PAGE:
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Review: Cosi Fan Tutti by Fiona Halliday

Too Cosi for comfort

Mozart’s Cosi Fan Tutte has been re-conceptualised, shelved and relaunched more times than Marks and Spencers. It has, over the years, become a testing ground for quirky production ideas: it’s been set in a scientific warehouse, a snobby hotel during the Boer War, a girl’s boarding school and a mental asylum in Melbourne. It’s also been a ‘hip hopera’ complete with nipple piercings and inner city locution. What next? Arias in Kalahari click language?

The latest attempt to transform this odd but beguiling opera premiered at the ENO last friday. The man in charge of the production was Abbas Kiarostami, the minimalist Iranian film director and it had already debuted at Aix-en-Provence last year. Not only was Abbas a stranger to opera, but he was forced to hand over the directorial reins to his assistant, Elaine Tyler-Hall as ‘visa complications’ prevented his entry into Britain. These facts raised certain questions about the opera before the curtain even raised.

Anyway, as I sat down, the ENO programme’s front cover whetted my appetite for sexual intrigue. A smouldery kohl-eyed Dorabella peered knowingly from a sizzling red background, not so much the trembling debutante as dazzling debauche. I was hopeful. And the Overture was good. It was deft. The violins swooshed and swithered and the woodwind played a sophisticated game of musical ‘pass the parcel’. The conductor, Klingele handled the tempi with a sure hand without overdoing the presti and it was all pleasantly frizzante.

Then the curtain rose. It rose on our squabbling paramours, Ferrando and Gugliermo. It rose on a taupe-coloured all-but-empty set swimming in margarine lighting. A projection of cafe tables and cappuccino-sipping clientele comprised the back wall. It looked like a scene from 'Allo 'Allo but wasn't particularly distracting. Mind you it wasn't particularly interesting either. Even the costumes were understated to the point of drab. The man next to me took one look at it and sighed.

Then came the next disappointment: the English libretto.

You see I wanted to like the libretto. The original Italian librettist, Lorenzo Da Ponte, was a real Enlightenment character, a transient poet-philosopher with spells in both the priesthood and brothels. It cannot be said the original libretto’s sauciness and verve survived intact. The translation dragged it across the centuries and it arrived into English, a pale and witless emigre. The ENO sur-titles only rammed home its dullness. Certainly there is an argument to be made for accessibility but I would recommend seeing it in Italian, or indeed Jabberwockian. Bafflement would be preferable to boredom.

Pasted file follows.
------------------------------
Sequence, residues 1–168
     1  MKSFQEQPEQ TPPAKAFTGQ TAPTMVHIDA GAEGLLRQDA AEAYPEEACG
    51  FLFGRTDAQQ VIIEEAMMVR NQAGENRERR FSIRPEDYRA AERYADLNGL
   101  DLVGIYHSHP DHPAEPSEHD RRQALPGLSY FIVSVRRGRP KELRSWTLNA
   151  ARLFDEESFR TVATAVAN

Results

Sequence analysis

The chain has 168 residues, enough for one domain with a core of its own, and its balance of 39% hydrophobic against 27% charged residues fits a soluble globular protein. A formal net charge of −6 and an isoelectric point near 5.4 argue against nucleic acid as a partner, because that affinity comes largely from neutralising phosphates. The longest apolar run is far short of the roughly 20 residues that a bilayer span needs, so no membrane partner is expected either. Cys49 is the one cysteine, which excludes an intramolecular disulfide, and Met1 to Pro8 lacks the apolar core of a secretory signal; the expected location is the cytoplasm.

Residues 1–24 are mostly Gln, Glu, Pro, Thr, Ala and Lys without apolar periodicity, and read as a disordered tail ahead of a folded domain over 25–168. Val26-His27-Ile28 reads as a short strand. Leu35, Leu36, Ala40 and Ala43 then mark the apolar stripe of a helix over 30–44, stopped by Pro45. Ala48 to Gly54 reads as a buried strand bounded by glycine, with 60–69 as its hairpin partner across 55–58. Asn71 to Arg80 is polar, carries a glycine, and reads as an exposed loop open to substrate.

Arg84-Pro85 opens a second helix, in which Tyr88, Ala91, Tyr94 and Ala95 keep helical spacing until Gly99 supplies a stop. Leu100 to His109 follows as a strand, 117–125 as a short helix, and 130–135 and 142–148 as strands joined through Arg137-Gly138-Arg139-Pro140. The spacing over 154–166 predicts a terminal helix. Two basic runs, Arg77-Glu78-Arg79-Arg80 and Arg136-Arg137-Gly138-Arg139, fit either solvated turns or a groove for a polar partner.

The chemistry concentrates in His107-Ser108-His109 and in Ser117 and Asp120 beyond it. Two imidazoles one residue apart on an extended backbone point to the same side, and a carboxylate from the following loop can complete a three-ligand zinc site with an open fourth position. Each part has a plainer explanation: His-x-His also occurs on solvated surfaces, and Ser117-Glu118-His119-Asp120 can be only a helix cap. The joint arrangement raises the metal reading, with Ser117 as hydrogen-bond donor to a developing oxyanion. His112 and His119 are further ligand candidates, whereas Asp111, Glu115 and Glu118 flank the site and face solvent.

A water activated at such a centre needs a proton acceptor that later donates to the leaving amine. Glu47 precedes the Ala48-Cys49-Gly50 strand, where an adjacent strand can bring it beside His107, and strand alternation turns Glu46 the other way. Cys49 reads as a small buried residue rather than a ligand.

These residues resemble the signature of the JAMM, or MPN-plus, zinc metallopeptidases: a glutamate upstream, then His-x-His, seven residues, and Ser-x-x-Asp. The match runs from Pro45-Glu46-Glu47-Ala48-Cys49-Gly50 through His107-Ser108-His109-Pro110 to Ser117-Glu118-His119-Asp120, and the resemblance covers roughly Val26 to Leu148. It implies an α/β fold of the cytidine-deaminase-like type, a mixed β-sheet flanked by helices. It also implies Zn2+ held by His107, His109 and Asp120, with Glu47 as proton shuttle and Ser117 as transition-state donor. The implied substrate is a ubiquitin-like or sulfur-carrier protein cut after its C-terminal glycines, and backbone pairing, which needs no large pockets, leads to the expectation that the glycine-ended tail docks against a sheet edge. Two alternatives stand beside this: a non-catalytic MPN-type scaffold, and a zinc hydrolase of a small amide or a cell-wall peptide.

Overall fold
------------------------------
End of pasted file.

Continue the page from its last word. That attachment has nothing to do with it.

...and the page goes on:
The cast valiantly tried to colonise the rather empty stage.

Don Alfonso was by turns sinister and sagacious - half Valmont and half the very model of a model major general.

Susan Gritton’s mellifluous Fiordiligi expressed moments of trembling vulnerability and uncertainty which offset Fiona Murphy’s (as Dorabella) slightly metallic and less expressive mezzo. However it wasn't an even performance. One of Gritton’s arias had a curiously corked effect. It seemed to glottal stop in mid air as if she suddenly bottled it. And Dorabella had swaddled her sex appeal in a white nightie, and now exuded a sexual asepsis that even Guglielmo’s throaty baritone couldn’t sully. The boyish Thomas Glenn as Ferrando delivered his high-flying arias in a tone somewhere between bleating and over egged tenderness. Together the ill-starred quartet exuded all the eroticism of an Argos catalogue.

Only Sophie Bevan as Despina radiated an earthy sauciness that the rest of the production lacked.

During ‘Per Pieta’ I was pleased to see the horns put in an energetic turn of wolf-whistling as Fiordiligi got out her, er, top notes. But it was all stiflingly tranquil on stage.

The man next to me had assumed a look of beatific suffering. He looked like he’d expected Joan of Arc and got Barbara Cartland.

Over all I thought that Abbas was simply too naïve as a director to handle Cosi's confusing mix of eroticism, mockery and slapstick. The internal strife present in the music leaked a certain compellingly creepiness into the strings and a sinister eeriness to the chuckling oboe that accompanies Don Alfonso but it wasn't enough to lift the production out of a beige stalemate. Abbas is a beautiful haunting filmmaker but in his mission for artistic purity and understated simplicity he is at odds with Cosi’s flawed and wanton heart and that it is ultimately what sends it into catatonic arrest.

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